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A Kuna neighborhood is flooding from irrigation pipes, the city says their hands are tied

Posted: 10:17 PM, May 17, 2019
Updated: 2019-05-18 00:17:22-04

KUNA — A Kuna neighborhood is up in arms now that water from underground irrigation pipes is no longer underground.

It's a neighborhood that was built in the late 70s to early 80s, when a developer put irrigation pipes underground to keep the water from a ditch flowing down under the subdivision and the roads. Now here we are nearly 40 years later, and current homeowners are paying the price of old clogged pipes and both the city and residents say, their hands are tied.

"Now it is actually getting a foot of water underneath my home. It's going up against my neighbors house and their foundation," said Kuna homeowner, Jessica Harris, who has owned a home in the neighborhood for around 11 years, and rents the property out.

So they dug a trench as a temporary fix to not flood the rest of the neighborhood, and give them some time to sump pump the water out of the basement of their rental. It’s water from irrigation pipes that they don't use. Jessica said, "I’ve talked to the city and they tell me it's my fault, my issue."

The Mayor said that’s true. Up until the mid 90s, when a developer subdivided what was once a field in Kuna, they would put in irrigation pipes that would someday be the responsibility of the homeowner who lives above them.

"Over the years tree roots grow in through those pipes and I think as people buy up those properties, I'm sure that no one tells them that they are buying a mess like that," said Kuna Mayor Joe Stear.

It's a problem homes built after the mid 90s won't have. At that time the city of Kuna put in a pressurized irrigation system and decided that any irrigation pipe became the property of the city as soon as the developer placed it under the dirt.But it leaves a muddy situation for the people on Armand Street.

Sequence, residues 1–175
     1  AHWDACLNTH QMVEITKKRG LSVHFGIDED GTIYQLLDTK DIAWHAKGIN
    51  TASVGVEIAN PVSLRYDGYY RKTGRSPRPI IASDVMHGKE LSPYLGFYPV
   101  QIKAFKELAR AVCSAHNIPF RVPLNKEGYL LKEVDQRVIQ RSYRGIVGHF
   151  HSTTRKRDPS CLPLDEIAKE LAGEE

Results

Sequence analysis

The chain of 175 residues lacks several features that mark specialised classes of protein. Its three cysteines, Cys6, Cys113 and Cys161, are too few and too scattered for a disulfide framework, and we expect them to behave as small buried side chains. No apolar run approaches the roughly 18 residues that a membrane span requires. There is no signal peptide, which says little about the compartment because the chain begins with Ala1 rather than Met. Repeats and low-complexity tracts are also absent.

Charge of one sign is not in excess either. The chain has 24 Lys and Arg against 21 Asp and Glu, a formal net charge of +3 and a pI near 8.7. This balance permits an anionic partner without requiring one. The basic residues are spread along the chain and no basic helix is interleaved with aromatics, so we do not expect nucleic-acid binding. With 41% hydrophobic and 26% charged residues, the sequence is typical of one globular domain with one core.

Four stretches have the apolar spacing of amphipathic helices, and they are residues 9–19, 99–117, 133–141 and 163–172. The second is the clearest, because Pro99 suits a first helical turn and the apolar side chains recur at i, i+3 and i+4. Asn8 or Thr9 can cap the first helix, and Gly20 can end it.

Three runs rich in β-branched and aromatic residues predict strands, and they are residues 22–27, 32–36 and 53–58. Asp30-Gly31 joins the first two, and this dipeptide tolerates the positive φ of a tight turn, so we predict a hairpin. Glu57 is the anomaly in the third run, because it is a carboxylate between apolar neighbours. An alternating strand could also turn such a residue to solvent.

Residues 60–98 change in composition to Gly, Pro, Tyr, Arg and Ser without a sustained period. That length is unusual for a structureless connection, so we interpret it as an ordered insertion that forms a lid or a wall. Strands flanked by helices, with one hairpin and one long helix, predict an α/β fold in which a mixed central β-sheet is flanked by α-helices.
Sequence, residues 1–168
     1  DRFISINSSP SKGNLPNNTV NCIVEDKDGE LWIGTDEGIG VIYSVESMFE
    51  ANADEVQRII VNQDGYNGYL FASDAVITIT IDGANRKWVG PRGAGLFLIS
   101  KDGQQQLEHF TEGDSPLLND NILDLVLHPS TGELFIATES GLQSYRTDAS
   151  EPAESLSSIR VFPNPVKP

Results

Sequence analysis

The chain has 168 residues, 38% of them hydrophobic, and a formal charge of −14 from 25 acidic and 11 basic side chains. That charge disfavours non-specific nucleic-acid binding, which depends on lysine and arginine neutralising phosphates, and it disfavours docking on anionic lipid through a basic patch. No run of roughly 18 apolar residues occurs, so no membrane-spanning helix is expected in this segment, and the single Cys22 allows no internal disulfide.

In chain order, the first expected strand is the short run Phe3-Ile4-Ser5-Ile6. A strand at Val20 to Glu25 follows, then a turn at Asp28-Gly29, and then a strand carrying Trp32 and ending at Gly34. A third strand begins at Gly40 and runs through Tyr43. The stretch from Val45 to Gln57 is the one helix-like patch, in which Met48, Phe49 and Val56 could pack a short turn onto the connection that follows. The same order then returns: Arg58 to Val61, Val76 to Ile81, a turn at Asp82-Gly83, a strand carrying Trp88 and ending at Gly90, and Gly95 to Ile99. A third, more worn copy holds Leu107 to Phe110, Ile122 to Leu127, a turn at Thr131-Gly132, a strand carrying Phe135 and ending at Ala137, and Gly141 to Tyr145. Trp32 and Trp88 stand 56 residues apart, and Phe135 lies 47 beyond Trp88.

"The developer that put the pipes in, it would be their responsibility," said Kuna homeowner Larry Ellis. But try hunting down a developer who placed the pipes 40 years ago; it’s nearly impossible. "I've been here 26 years so 17 to 18 years ago it started getting worse," said Ellis.

Now it's creating sinkholes in the yards of residents and causing problems homeowners didn't plan on having to fix.

"I can put the biggest pipe out there underground and all it's going to do is still back up and flood me out until everybody else's is fixed," said Harris.

Jessica Harris is at the beginning of the ditch.The city has had a company come out and snake her yard to identify the problem area, but the real problem is, the clogged pipe isn't in her yard. It's clogged somewhere up the street.

"It isn't a city facility so we can't pay to fix it. It's not proper for me to spend other people's tax dollars to fix someone else's issue," said Mayor Stear.

But the home owners are calling upon the Mayor anyway, to intervene somehow.

"It'd be nice if he came out and either forced people to repipe, which is difficult, because I don't want to put that on my neighbors, but at the same time, I can't keep living in a flood zone," said Harris.

And the cost to fix the pipes is up in the thousands, per residence.

The Mayor of Kuna said if you are looking at a home that was built before the mid 90s, it would be a good idea to double check what the property you're buying looks like underground, and if you head to city hall, he said they can help out there.